The magic word in her new chap­ter is “strat­egy”. With a team of sea­soned pro­fes­sion­als ready to take her busi­ness to the next level, she says: “I feel I can re­ally put my foot on the gas. There is so much I want to do.” Look­ing around at her im­pres­sive new space, you can’t help but won­der what Beck­ham hoped for when she started. “I didn’t look that far into the fu­ture. I knew as a woman what I wanted and I couldn’t find it. There were just three of us; we weren’t de­vel­op­ing our own fab­rics then, and we had to be sen­si­ble. If we added a pocket de­tail, that put the price up. I was very much just go­ing sea­son to sea­son in­stead of look­ing at the big­ger pic­ture.”

Still, there was that fierce am­bi­tion. From the be­gin­ning, Beck­ham looked to the big Amer­i­can brands for in­spi­ra­tion, which is why she showed in New York. “The great thing about liv­ing in Amer­ica was show­ing in Amer­ica. Back then, it was a big­ger stage, there were more buy­ers go­ing to New York and you could start sell­ing im­me­di­ately af­ter the show.”

“There was a way in the in­dus­try of do­ing things,” she con­tin­ues. “I knew there were rules I had to abide by, but I wanted to be en­tre­pre­neur­ial and find dif­fer­ent ways of do­ing things. I was a pop star who turned into a fash­ion de­signer and I didn’t want to do things the same way ev­ery­one else was do­ing them. And prob­a­bly be­cause I was a lit­tle naive, I wasn’t scared to take on those chal­lenges in my own way.” I re­mem­ber when Beck­ham launched her first col­lec­tions, she would walk jour­nal­ists round the racks of clothes, en­thus­ing about the fab­ric and the de­tails like she was a fan rather than their de­signer. She won over the hardened press mavens.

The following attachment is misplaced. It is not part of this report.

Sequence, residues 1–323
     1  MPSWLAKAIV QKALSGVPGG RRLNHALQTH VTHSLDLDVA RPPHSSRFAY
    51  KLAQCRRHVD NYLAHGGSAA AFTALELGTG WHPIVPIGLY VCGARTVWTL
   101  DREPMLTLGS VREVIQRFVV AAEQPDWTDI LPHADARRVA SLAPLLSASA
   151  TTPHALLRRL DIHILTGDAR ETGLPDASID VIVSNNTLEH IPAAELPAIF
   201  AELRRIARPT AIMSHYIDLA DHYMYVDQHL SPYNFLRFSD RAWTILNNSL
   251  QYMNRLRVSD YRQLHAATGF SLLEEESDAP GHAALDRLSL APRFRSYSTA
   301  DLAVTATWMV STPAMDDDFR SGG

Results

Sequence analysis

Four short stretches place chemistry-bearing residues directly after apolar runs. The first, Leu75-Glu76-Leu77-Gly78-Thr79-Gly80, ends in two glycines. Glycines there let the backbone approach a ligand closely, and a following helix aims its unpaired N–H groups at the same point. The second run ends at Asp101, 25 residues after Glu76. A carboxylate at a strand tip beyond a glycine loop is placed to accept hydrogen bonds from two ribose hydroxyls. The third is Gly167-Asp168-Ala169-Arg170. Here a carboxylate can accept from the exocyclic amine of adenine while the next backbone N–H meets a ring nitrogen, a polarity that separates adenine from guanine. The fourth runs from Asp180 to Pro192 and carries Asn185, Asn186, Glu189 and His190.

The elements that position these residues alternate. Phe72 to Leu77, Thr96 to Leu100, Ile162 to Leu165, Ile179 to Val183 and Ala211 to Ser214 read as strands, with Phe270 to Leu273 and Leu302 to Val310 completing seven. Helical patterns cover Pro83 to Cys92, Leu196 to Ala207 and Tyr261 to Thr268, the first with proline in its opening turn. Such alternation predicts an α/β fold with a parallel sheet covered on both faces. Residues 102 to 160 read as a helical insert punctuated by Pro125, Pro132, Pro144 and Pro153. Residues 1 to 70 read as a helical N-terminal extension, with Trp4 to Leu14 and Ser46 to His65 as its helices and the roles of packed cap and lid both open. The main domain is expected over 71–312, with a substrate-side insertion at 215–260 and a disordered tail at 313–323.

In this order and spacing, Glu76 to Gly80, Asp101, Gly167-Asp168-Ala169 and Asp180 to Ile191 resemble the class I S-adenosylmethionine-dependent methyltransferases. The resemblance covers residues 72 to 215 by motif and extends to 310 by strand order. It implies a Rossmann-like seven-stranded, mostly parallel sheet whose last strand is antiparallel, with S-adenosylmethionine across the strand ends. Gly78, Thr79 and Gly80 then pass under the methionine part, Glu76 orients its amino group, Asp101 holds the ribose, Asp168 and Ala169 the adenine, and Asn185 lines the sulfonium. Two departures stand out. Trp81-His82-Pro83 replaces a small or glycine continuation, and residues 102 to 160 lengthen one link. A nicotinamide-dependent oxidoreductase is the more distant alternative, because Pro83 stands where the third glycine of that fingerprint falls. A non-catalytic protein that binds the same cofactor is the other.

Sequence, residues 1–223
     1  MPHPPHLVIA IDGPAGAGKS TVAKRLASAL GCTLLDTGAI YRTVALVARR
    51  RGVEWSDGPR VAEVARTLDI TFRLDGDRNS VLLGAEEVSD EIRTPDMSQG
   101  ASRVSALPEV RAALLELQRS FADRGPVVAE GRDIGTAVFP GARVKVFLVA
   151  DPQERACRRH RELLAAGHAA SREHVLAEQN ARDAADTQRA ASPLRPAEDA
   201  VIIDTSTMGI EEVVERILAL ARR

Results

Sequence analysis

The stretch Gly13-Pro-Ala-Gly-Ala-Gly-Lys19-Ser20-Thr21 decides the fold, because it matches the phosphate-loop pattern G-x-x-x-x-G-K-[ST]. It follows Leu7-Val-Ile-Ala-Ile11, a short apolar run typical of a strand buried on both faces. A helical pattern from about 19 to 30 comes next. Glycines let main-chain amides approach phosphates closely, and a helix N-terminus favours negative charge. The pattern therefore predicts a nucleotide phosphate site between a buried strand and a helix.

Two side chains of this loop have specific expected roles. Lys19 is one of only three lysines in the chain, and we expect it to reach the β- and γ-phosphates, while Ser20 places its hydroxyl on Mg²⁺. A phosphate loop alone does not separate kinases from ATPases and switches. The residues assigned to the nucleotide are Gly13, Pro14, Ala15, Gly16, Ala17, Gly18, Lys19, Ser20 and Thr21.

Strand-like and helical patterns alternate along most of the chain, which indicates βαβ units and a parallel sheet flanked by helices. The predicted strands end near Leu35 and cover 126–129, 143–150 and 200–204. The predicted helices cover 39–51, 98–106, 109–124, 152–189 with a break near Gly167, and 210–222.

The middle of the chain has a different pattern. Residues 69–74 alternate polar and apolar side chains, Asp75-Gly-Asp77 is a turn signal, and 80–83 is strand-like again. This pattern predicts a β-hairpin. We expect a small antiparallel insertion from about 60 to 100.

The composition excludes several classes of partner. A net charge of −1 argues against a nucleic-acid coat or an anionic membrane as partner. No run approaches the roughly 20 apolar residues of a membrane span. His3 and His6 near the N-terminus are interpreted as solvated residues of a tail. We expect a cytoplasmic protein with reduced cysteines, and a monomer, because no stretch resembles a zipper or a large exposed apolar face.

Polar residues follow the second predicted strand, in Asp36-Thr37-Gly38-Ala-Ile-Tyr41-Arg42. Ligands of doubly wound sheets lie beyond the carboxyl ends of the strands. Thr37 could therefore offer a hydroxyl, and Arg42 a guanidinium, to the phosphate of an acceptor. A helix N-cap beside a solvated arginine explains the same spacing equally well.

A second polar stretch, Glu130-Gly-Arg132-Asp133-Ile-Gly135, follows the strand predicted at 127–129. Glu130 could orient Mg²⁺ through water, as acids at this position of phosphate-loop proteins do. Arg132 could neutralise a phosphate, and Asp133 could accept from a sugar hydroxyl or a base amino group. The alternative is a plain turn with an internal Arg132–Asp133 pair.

One of the first items Beck­ham put her name to was nick­named ‘the sucky-sucky dress’, be­cause of the way it was fit­ted, to suck you in and hold you tight. “I wasn’t afraid to do that; it was prob­a­bly quite re­fresh­ing,” she says now. At the same time, she con­cedes that the way she dressed was prob­a­bly a sign of her in­se­cu­rity. “Now it’s less about me want­ing to be seen. It’s not so much about me, it’s about what I’m cre­at­ing for other women. When I used to go out, it was: ‘Watch what I eat for lunch, be­cause I’ve got a tight dress and I need a flat tummy.’ I mean, who can be both­ered with that now? I’m too busy. I’m older and things like that don’t mat­ter to me.”

This jour­ney – from in­se­cure fash­ion tyro to fig­ure­head of a busi­ness val­ued at £100 mil­lion when she sold a mi­nor­ity stake last year – has made Beck­ham em­blem­atic of her client base.

“I am my cus­tomer,” she agrees. And she ob­sesses over strik­ing the right bal­ance be­tween fash­ion and re­lata­bil­ity. “I’m very aware that peo­ple are go­ing to write about your col­lec­tion, and you need to have new­ness and fresh­ness, but when I look at the sales of my more ‘fash­ion-y’ sea­sons, my cus­tomer can’t nec­es­sar­ily re­late to those in the way the press can.” She men­tions a ven­ture into crushed vel­vet as one in­stance that didn’t click, but it’s those kind of risks that have brought her to her 10th-an­niver­sary col­lec­tion, where all things Beck­ham are dis­tilled into a highly re­lat­able pack­age.